According to Bennett, MD, MPH, an associate professor of medicine at the Johns Hopkins University School of Medicine in Baltimore, although ‘time-restricted eating patterns’ — known as intermittent fasting — are popular, rigorously designed There are studies that have not yet determined whether limiting total eating periods during the day helps control weight.
This study evaluated the association between the timing of the first meal to the last meal with weight change. Nearly 550 adults (18 years or older) with electronic health records from three health systems in Maryland and Pennsylvania were enrolled in the study. Participants had at least one weight and height measurement registered in the two years preceding the study’s enrollment period (February–July 2019).
Overall, the majority of participants (80%) reported that they were white adults; 12% self-reported as Black adults; And about 3% identify as Asian adults. Most participants reported having a college education or higher; The mean age was 51 years; And the average body mass index was 30.8, which is considered obese. The median follow-up time for weight recorded in electronic health records was 6.3 years.
Participants with higher body mass index at enrollment were more likely to be black adults, older, have type 2 diabetes or high blood pressure, have lower education levels, exercise less, eat fewer fruits and vegetables, have longer time since last meal Stayed longer to sleep and shorter duration from first to last meal than adults with lower body mass index.
The research team created a mobile application, Daily24, for participants to list their sleeping, eating and waking times for each 24-hour window in real time. Email, text messages and in-app notifications encouraged participants to use the app as little as possible during the first month and again during “power weeks” – one per month for the six-month intervention portion of the study Week.
Based on sleep and eating times each day recorded in the mobile app, the researchers were able to measure: the time from the first meal to the last meal each day; the time from waking up to the first meal; And the interval from last meal to bedtime. They calculated the average of all the data across the full days for each participant. The data analysis found: Meal timing was not associated with weight change during the six-year follow-up period. This includes the interval from first to last meal, from waking up to first meal, from last meal to bedtime, and total sleep duration.
The total daily number of large meals (estimated at more than 1,000 calories) and moderate meals (estimated at 500–1,000 calories) were each associated with increased weight over the six-year follow-up, while fewer small meals (estimated at less than 500 calories) were associated with decreased weight. were associated with. The average time from first to last meal was 11.5 hours; The average time from waking up to the first meal was measured at 1.6 hours; The average time from last meal to bedtime was 4 hours; And the average sleep duration was calculated to be 7.5 hours.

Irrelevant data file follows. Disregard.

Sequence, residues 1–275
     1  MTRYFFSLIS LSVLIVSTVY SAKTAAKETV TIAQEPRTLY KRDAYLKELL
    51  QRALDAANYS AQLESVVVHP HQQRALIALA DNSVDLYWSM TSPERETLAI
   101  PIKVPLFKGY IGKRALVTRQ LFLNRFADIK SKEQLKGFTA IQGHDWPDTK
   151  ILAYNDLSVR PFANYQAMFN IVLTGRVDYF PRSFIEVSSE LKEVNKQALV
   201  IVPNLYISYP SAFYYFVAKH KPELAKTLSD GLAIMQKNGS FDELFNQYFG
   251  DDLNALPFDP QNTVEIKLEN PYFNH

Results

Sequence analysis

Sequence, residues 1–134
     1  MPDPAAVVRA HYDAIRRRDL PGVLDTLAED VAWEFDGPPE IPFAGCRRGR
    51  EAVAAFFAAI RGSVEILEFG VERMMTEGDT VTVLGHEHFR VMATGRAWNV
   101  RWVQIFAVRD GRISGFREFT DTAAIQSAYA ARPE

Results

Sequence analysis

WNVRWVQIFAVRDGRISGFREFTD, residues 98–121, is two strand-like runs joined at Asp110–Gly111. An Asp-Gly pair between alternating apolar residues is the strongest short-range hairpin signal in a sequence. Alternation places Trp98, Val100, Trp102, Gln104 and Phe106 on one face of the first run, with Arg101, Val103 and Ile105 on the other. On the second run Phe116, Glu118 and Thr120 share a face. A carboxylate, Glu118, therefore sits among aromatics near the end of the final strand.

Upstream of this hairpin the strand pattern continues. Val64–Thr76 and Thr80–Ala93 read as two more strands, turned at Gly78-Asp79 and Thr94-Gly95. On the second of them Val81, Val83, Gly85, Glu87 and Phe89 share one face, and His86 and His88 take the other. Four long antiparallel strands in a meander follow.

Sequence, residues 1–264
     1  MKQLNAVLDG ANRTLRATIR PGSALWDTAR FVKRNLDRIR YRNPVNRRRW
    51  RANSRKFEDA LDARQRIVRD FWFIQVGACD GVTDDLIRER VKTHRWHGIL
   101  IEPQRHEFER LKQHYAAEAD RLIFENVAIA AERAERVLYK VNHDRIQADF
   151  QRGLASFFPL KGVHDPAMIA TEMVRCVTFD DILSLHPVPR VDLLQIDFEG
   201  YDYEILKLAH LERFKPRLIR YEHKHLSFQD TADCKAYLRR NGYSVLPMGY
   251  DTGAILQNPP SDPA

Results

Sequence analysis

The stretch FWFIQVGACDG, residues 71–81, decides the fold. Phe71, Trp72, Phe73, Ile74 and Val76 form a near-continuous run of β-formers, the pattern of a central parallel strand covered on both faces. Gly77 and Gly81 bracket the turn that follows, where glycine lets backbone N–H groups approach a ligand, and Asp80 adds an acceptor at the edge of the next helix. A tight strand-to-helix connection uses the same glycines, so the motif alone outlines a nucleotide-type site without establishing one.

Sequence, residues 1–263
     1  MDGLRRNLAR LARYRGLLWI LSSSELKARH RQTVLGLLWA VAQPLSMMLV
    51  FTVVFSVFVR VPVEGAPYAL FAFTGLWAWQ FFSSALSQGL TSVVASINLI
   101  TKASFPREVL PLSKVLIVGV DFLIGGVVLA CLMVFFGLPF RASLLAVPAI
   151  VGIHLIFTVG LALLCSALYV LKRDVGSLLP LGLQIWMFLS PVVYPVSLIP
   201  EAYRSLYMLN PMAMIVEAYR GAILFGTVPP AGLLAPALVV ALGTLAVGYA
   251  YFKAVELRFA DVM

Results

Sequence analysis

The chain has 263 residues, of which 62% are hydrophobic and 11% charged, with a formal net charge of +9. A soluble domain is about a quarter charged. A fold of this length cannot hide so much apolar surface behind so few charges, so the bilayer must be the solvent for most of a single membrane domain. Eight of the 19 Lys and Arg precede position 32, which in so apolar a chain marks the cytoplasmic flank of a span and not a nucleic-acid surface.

The study did not find changes in meal timing and weight in populations with a wide range of body weights. As reported by Bennett, even though prior studies have suggested that intermittent fasting can improve body rhythms and regulate metabolism, this study in a large group with a wide range of body weights Couldn’t find this link. It is notoriously difficult to conduct large-scale, rigorous clinical trials of intermittent fasting on weight change over a long period of time; However, short-term intervention studies may also be valuable in helping to guide future recommendations.
Although the study found that meal frequency and total caloric intake were stronger risk factors for weight change than meal timing, the findings proved direct cause-and-effect, according to lead study author Di Zhao, PhD, an associate scientist. Could not Division of cardiovascular and clinical epidemiology at the Johns Hopkins Bloomberg School of Public Health.
The researchers note that the study has limitations because it did not evaluate the complex interaction of timing and frequency of eating. Additionally, since the study is observational in nature, the authors were unable to draw cause-and-effect conclusions. The authors noted, future studies should work toward including more diverse populations because most of the study participants were well-educated white women in the Mid-Atlantic region of the US. The researchers also were not able to determine weight loss motivation among study participants prior to their enrollment and could not rule out additional variables such as any preexisting health conditions.
According to 2022 data from the American Heart Association, 40% of adults in the US are obese; And the association’s current diet and lifestyle recommendations for reducing the risk of cardiovascular disease include limiting overall caloric intake, eating a healthy diet, and increasing physical activity.
2017 American Heart Association scientific statement: Timing and frequency of meals: implications for the prevention of cardiovascular disease does not provide a clear preference for frequent small meals or intermittent fasting. It was noted that unregulated patterns of total caloric intake appear to be less conducive to the maintenance of body weight and optimal cardiovascular health. And, altering meal frequency may not be useful for reducing body weight or improving traditional cardiometabolic risk factors.